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Prostate Cancer – 300,000 annual deaths, low vitamin D is one of many factors – current status March 2015

Epidemiology of prostate cancer: current status.

Eur Rev Med Pharmacol Sci. 2015 Mar;19(5):805-812.
Tao ZQ1, Shi AM, Wang KX, Zhang WD.
1Department of Science and Education, Xuzhou Central Hospital, Xuzhou, Jiangsu, China. taoziqi at 163.com.

Prostate cancer is one of the most common cancers affecting men with > 1,100,000 new cases and 300,000 deaths worldwide each year. The disease is more common among older men, with a median age at diagnosis around age above 60 years. Prostate cancer is a major medical problem that needs immediate attention as the disease is indolent, shows prolonged latency in association with high morbidity and mortality. Administration of diagnostic tests including PSA test and biopsies and the advances in other diagnostic procedures have led to early detection of the disease with therapeutic steps being taken early on, there has been a steady decline in the disease-specific mortality. Global incidence and mortality rates show that the disease is more prevalent among black people, even though the differences cannot be attributed entirely to race, as the influence of socioeconomic situation and the resultant limited access to medical technologies and treatment could not be ruled out completely. Several genes have been identified that when mutated confer high risk for the disease. Besides the genetic factors, family history and nutritional factors such as lack of enough vitamin D, high intake of calcium, obesity and high fat diets have been implicated as risk factors for prostate cancer. Therapeutic measures for prostate cancer involve mostly radical prostatectomy followed by radiotherapy in combination with hormonal treatment as needed.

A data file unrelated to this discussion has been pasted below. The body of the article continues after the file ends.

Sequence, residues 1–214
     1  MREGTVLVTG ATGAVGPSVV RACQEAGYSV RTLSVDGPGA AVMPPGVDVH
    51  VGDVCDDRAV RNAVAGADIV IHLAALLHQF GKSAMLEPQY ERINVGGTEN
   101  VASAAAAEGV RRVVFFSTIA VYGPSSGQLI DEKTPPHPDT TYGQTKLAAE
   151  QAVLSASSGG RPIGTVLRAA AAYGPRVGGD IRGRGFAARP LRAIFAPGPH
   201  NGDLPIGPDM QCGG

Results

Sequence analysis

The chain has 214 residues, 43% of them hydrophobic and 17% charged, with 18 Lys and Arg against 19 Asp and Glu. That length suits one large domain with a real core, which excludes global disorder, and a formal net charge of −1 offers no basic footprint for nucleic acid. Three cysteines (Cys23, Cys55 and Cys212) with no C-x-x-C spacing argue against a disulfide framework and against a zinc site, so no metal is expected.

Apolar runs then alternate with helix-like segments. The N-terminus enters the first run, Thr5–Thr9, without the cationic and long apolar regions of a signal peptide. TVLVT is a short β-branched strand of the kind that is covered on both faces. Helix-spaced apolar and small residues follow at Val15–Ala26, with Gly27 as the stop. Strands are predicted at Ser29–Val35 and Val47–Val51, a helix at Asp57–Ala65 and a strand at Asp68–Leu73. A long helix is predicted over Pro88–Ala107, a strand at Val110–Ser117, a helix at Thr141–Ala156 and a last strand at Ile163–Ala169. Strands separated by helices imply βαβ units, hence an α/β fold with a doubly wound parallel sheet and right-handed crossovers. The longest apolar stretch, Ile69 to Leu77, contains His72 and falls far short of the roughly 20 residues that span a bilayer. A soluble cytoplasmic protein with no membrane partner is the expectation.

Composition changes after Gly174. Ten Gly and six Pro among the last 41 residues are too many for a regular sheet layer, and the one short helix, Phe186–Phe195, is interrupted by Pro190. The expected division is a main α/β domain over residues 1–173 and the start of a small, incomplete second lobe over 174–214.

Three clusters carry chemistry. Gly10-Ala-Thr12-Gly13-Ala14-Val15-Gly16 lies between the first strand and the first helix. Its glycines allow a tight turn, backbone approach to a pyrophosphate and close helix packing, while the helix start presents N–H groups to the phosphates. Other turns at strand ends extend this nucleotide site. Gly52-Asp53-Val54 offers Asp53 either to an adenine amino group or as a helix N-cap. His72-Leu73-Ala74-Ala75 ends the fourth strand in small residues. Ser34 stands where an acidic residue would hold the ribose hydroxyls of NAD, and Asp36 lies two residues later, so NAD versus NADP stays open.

PMID: 25807434
 Download the PDF from VitaminDWiki

Portion of PDF which concentrates on Obesity as well as Vitamin D
"Obesity was found to be associated with increased incidence of aggressive prostate cancer as well as prostate cancer recurrence. Prostate cancer-specific mortality is also likely to be elevated significantly by obesity33. The overall evidence for a protective role of vitamin D against prostate cancer is weak, when only the circulating levels of 25-hydroxy vitamin D are considered without the inclusion of genetic factors 34. However, in areas where there is higher probability of vitamin D deficiency, such as high latitude regions, there appears to be stronger link between vitamin D status and prostate cancer incidence 35. Considering the relatively shorter (3 weeks) half life of 25-hydroxy vitamin D in blood, the studies on the association of serum vitamin D and prostate cancer need to be examined cautiously, as the levels of vitamin D measured may not reflect either the risk or the onset of prostate cancer."

Note the increase in PC in blacks and obese - both of whom have low levels of vitamin D

See also VitaminDWiki

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